We also understood that having data helps people to make proper and good decisions. Santander de Quilichao, one municipality that we support, the secretary of state was there, the part of the municipality was there, and he mentioned that they’re doing day-to-day. So definitely data is going to be critical, for sure, but the decentralization of decision-making at the municipal level has been one, has been triggering that need for the entities themselves to gather that information.

So it’s not decentralizing funding, it’s just decentralizing the decision that they made at this local justice system and local justice committee to bring all the key critical stakeholders so that they can improve the way access to justice is taking place. And data is enhancing that capability, definitely.

Q: And for this JNS in particular, do you expect that there will be a second fold? Sometimes we’ve done that at Hill where we had a first JNS, then a second wave, a third wave, sometimes asking exactly the same people. Is that something that you could envision for this type of work?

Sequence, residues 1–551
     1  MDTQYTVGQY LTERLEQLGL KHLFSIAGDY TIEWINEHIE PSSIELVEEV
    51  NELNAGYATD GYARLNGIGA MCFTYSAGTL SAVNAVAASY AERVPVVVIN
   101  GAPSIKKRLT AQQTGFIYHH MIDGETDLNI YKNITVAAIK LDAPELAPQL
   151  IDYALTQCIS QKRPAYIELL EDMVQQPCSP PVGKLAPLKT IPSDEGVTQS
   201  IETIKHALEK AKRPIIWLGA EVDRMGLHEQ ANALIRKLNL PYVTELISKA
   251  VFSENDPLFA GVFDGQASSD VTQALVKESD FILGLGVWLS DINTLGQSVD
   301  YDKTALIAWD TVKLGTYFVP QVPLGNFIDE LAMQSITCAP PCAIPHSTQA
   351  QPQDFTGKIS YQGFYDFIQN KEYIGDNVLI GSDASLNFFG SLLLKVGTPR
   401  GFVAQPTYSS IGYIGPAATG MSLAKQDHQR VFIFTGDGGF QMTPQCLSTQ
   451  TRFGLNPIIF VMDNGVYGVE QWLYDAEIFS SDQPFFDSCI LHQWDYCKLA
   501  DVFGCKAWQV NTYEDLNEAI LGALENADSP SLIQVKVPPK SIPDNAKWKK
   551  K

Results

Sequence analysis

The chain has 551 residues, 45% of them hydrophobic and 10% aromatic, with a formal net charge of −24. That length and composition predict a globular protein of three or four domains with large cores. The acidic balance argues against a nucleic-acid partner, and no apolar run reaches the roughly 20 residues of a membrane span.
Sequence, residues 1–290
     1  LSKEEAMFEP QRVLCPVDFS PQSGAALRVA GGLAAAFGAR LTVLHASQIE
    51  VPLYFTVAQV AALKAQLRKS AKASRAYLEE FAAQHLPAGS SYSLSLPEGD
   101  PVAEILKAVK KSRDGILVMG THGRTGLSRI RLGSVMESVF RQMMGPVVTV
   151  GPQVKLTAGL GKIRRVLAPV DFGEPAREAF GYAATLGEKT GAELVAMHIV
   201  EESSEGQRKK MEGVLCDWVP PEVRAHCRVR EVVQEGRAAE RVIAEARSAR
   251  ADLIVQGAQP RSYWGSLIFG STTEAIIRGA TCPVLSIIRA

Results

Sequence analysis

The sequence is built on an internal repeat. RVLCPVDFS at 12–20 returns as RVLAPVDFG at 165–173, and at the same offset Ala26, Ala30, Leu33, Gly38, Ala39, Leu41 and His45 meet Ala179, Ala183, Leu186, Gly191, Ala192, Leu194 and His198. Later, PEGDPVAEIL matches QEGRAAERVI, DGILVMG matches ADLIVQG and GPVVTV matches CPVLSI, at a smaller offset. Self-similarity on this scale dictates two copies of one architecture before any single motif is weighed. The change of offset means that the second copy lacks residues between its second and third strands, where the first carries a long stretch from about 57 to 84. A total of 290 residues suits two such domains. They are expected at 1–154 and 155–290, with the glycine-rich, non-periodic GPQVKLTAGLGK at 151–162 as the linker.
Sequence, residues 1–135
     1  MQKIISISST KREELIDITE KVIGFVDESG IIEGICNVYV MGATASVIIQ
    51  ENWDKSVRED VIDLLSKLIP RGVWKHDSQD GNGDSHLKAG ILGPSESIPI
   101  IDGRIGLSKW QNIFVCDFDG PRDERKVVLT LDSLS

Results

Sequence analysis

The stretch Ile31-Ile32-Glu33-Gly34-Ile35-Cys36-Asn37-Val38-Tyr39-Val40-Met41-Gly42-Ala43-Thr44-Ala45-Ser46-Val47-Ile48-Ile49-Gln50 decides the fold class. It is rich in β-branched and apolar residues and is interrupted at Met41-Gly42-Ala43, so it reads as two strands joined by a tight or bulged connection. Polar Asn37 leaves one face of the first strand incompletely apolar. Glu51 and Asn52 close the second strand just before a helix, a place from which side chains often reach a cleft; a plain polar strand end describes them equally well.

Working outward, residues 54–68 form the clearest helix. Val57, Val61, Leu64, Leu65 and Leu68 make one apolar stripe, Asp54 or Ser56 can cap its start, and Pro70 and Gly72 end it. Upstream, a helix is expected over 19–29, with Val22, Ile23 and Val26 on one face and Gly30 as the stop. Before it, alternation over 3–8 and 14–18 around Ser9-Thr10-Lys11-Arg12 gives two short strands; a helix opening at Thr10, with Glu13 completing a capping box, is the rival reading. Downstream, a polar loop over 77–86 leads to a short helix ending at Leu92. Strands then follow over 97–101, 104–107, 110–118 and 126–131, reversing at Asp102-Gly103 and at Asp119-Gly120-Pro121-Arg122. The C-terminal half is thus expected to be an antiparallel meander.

I would love to have a second and a third. I think it would be good to have or continue that conversation with national entities. I think, as we did today, we have passed this process.

As you know, the international cooperation stands for a short period of time. We don’t know what is going to happen with the Colombia-US relationship and if they will continue funding this type of programs in the future. And I certainly advocate for Hill to continue having these conversations with the national government, with academia, with all the critical stakeholders that we have already discussed.

Because I think a second iteration, a third iteration, etc. onwards, I think will make a lot of sense. The government definitely is planning to have one soon.

As a program, the inclusive justice program of USAID, we don’t plan to do that anymore. We’re planning now to see how we can utilize that data, but I think it will be important for Hill to continue this conversation and see if we can continue improving the way the data is being collected and how that data can continue fueling all these different communities that are actually making decisions at the local level.

Q: The theme of HiiL’s next newsletter is ‘From Data to Action’. Is there is one thing that comes to mind when you hear ‘data to action’, especially in the context of this JNS done in Colombia?